A few publishers still don’t sell in open electronic formats, the most notable of those being Wizards of the Coast who has not released Dungeons & Dragons Fifth Edition in PDF, even though they have robust offerings of their back catalog in both PDF and print on demand. Their digital tools for Fifth Edition, D&D Beyond, tie your purchases to a specific account. Also notable is Fantasy Flight’s Star Wars RPG series, none of which are published digitally as their license doesn’t allow it. Both D&D Fifth Edition and Star Wars are available via pirates with scanners—not releasing digital versions does not insulate popular titles from piracy.

Posthuman’s Take: All our PDF releases are fully-open—no watermarks, no restrictions, and taking proper advantage of PDFs features with cross-references, hyperlinks, and Acrobat layers. We’ve released some fiction and setting content in ePub/Kindle format (ePub obviously being more open than Kindle!) and will release Eclipse Phase Second Edition on a free wiki. We also release Hack Packs that contain CC-licensed artwork and other goodies for dedicated players, virtual tabletop players, etc.


Regional Availability: Roleplaying Games are (mostly) Published Without (intentional) Region Restrictions

More than any other type or format of entertainment, Roleplaying Games have few to any region restrictions: while fiction ebooks are sometimes still at the mercy of international publishers and thus locked out of purchase in some regions, the roleplaying biz simply doesn’t work that way.

While theoretically some foreign-language contracts don’t allow licensees to sell translated works outside of a particular geographic region, I have never seen or heard of them being enforced with regards to digital gaming books.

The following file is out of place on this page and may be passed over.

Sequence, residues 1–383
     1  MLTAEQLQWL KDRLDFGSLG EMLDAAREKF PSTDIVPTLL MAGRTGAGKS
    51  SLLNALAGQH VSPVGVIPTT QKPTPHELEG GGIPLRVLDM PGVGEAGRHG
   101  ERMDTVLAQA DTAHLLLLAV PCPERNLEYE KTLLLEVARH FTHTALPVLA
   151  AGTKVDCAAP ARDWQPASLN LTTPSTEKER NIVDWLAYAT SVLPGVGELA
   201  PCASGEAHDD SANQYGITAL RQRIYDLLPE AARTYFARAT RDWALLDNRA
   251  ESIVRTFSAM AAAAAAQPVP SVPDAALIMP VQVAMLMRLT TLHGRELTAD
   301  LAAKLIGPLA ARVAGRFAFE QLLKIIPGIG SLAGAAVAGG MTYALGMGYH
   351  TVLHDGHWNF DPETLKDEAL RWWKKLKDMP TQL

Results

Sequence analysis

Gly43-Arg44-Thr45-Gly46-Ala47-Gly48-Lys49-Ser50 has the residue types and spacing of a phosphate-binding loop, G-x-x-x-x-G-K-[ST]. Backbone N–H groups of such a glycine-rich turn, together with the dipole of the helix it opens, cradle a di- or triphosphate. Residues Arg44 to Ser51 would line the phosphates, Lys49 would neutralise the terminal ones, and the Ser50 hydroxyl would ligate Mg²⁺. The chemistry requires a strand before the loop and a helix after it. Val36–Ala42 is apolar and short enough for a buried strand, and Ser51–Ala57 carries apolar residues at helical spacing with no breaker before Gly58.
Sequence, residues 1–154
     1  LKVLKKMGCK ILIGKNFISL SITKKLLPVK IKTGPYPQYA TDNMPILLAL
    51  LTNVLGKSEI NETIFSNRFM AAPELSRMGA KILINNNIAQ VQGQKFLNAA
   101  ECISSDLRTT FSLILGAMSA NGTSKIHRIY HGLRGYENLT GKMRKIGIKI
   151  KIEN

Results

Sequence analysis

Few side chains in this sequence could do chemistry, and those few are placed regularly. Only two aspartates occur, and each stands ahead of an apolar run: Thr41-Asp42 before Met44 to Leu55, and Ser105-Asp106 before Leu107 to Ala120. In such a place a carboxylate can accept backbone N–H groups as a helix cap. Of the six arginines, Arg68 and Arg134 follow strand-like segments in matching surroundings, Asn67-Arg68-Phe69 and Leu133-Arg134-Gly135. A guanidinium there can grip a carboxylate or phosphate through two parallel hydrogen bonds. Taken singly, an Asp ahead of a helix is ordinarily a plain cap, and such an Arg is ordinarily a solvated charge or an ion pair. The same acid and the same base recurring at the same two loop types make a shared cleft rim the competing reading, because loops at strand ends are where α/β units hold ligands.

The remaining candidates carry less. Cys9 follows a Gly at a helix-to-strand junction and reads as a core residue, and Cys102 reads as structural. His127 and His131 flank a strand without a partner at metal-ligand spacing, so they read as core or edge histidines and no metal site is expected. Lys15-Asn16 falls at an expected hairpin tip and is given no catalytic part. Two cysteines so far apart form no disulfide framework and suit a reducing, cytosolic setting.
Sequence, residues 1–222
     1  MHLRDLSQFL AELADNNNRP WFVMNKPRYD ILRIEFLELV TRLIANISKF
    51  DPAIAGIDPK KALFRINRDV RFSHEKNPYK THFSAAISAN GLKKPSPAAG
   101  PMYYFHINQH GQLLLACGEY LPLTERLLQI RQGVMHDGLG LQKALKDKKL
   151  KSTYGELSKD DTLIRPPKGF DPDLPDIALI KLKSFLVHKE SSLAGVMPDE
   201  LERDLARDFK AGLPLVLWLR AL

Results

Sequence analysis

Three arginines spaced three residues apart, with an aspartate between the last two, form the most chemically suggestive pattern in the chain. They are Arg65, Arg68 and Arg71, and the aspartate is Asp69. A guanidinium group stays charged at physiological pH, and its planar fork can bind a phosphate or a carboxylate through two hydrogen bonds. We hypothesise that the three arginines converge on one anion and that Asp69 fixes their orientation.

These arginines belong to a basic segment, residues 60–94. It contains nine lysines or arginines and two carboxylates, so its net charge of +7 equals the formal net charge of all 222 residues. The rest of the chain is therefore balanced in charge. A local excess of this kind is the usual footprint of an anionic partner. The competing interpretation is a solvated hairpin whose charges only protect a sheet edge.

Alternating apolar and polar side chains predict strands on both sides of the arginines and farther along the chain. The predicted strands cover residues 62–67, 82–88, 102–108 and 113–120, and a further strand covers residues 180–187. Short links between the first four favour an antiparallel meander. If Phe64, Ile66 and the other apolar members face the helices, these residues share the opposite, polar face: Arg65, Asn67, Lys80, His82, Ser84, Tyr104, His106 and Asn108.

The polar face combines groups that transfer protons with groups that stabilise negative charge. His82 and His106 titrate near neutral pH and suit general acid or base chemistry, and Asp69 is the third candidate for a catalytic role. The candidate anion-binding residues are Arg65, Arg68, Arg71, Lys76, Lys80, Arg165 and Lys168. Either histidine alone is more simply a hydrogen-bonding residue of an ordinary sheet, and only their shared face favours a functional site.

So that means that worldwide, you can buy gaming ebooks unrestricted by the publisher. However, a frequent critique is that ebook sites—and Kickstarter!—don’t make it easy for international buyers who don’t have access to a credit card. This stumbling block may promote international piracy.

Posthuman’s Take: We don’t restrict availability of any digital products based on region.

Secondary Reasons: Habits/Hobby

“He who dies with the most toys wins”—some just like to pirate to have a huge collection of books/movies/software/whatever. I don’t think these pirates are to be concerned about as in many cases they don’t actually consume many of the things they pirate—they just enjoy having large (and probably meticulously organized!) hard drives full of stuff.
These pirates may or may not also buy electronic things. They may buy them but like the convenience of downloading, for example, a torrent file that contains an entire game line.

Posthuman’s Take: Anyone archiving and distributing archives of all Eclipse Phase books is legally in the clear as long as they adhere to the Creative Commons license. During our Kickstarter campaigns we sell USB collections of all our electronic items, and we also offer bundle discounts for people acquiring or completing a whole collection on DriveThruRPG.